When we were kids, we knew what would happen if we were ever caught lying to our parents. We might tell them that we had not got our report cards yet but it was difficult to keep a straight face when they kept questioning us about it.

Eventually the pressure would become too much to bear and we had to shamefacedly hand over our red mark-filled card and wait for Dad’s fearsome wrath.

Those memories of the consequences of lying usually stayed with us until adulthood, training our conscience on the virtues of honesty. As horrible as it may be sometimes, it is usually better to own up when we’re at fault.

This assumes that the things we need to own up to are fairly innocuous things, like our age or the fact that we forgot to pay a bill on time.

But our conscience can only be burdened with so much; if you do something really terrible, then we need to stop that conscience pricking us or else we cannot sleep at night.

Thus we start inventing justifications for the terrible things we did, or start telling ever bigger lies in order to cover up what we did.

After a while, we start to believe our own lies and even that we never did anything wrong.

I have known some consummate liars and I often wonder how they keep track of every lie they tell.

Everything depends on keeping every story unimpeachable, and making sure that nobody is able to compare stories with anyone else.

It must be a terrible strain and at some point you’re bound to trip up. And that’s where things start to unravel.

When they do, there is a mad scramble to keep things together which necessitates more and more lies. That conscience, that nagging voice, that inner compass that tells us where true north is, becomes muffled and ignored altogether.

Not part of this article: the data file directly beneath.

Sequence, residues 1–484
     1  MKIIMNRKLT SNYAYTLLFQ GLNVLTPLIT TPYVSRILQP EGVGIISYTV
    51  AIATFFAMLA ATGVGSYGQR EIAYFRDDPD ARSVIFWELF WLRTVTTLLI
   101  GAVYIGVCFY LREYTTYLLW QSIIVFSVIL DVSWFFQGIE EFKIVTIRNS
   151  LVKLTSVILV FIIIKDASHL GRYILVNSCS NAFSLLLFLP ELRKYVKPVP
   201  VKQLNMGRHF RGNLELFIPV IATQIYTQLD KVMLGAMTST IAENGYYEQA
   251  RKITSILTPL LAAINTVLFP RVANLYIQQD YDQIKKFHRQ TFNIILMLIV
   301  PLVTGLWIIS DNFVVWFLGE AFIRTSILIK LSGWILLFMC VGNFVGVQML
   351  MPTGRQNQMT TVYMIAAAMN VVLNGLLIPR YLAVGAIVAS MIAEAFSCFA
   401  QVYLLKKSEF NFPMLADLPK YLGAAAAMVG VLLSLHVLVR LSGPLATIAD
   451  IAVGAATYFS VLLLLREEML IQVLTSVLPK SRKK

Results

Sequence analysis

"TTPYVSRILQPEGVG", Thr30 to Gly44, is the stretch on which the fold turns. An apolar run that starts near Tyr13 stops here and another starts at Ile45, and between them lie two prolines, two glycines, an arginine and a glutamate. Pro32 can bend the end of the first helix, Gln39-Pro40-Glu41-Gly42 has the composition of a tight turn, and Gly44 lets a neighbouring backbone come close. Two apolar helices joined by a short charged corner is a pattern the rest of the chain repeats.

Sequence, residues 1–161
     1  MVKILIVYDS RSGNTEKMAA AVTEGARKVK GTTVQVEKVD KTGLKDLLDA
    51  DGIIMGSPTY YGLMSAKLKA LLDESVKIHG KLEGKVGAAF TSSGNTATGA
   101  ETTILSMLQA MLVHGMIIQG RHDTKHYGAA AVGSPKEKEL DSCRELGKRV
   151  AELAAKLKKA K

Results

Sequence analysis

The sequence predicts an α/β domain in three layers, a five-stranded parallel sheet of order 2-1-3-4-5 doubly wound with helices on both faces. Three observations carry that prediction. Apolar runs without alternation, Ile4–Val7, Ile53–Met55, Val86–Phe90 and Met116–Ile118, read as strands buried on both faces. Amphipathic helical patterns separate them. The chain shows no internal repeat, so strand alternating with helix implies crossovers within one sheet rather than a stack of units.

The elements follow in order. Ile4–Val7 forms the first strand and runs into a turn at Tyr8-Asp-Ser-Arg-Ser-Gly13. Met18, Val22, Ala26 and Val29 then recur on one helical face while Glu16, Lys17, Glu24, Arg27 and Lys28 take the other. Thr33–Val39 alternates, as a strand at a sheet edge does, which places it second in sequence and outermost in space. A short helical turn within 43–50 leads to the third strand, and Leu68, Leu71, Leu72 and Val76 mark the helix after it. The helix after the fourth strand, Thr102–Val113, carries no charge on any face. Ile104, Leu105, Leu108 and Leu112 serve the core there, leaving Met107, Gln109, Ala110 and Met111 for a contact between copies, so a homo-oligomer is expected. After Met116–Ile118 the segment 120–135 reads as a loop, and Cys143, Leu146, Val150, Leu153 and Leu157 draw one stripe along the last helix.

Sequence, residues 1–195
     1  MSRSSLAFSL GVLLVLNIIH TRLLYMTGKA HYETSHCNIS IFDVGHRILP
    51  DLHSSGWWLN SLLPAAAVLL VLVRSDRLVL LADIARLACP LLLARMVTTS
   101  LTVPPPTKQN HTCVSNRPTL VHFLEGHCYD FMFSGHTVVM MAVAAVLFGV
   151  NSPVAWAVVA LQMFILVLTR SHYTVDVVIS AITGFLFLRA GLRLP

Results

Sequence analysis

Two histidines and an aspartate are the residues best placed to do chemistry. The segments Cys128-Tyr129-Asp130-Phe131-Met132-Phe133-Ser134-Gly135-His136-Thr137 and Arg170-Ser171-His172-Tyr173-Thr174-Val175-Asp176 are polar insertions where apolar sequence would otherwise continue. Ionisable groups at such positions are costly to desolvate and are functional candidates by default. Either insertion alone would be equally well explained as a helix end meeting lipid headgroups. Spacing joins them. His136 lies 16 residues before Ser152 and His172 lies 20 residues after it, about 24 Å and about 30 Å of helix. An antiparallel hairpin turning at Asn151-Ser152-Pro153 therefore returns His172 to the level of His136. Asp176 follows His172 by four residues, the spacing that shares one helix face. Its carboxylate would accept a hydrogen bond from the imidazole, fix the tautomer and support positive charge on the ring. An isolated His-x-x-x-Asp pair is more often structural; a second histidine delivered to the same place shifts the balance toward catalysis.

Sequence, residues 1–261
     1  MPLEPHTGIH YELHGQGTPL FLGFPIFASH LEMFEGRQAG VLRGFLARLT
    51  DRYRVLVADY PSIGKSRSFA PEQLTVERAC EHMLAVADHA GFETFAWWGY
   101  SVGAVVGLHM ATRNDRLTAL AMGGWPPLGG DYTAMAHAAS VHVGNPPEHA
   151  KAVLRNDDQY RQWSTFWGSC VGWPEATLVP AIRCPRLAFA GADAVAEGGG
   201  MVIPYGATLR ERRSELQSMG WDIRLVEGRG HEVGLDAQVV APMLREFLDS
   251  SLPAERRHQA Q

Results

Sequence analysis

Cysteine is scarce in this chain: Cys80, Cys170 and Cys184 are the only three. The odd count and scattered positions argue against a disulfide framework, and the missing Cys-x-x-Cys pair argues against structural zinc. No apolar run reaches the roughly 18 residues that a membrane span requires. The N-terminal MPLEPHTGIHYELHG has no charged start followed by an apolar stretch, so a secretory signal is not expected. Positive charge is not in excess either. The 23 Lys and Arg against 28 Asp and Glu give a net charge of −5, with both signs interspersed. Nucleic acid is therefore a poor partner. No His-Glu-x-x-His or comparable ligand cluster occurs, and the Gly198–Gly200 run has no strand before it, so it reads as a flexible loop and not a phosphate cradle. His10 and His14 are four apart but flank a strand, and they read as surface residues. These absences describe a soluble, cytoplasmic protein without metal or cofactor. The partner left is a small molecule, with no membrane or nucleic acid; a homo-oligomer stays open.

Yet it has a way of peeking out and showing itself in odd ways; the inability to look anyone in the eyes, a voice that isn’t convincing, a hand that is shaky.

They are signs that can be seen by a shrewd observer though perhaps not by those who prefer not to.

Luckily for societies, not everyone becomes devoid of conscience completely. Otherwise they would become totally lawless and dysfunctional.

By and large, most people still obey traffic lights because they know it is a good thing to do. And they also do get angry at people who don’t.

They may tolerate the odd person running a red light but not if it becomes an epidemic because obviously it becomes very dangerous for everyone. It is those people who still have their consciences who will save society.

Today when everything in our society seems to be crumbling, when our leaders have become the ones who run red lights, we have to rely on those traffic cops who still have the conscience to do their jobs correctly, without fear or favour.

If we get rid of traffic cops so that we can run red lights with impunity, then we might as well be a society before there were laws regulating our behaviour on the roads.

Imagine if our conscience stopped being our red light.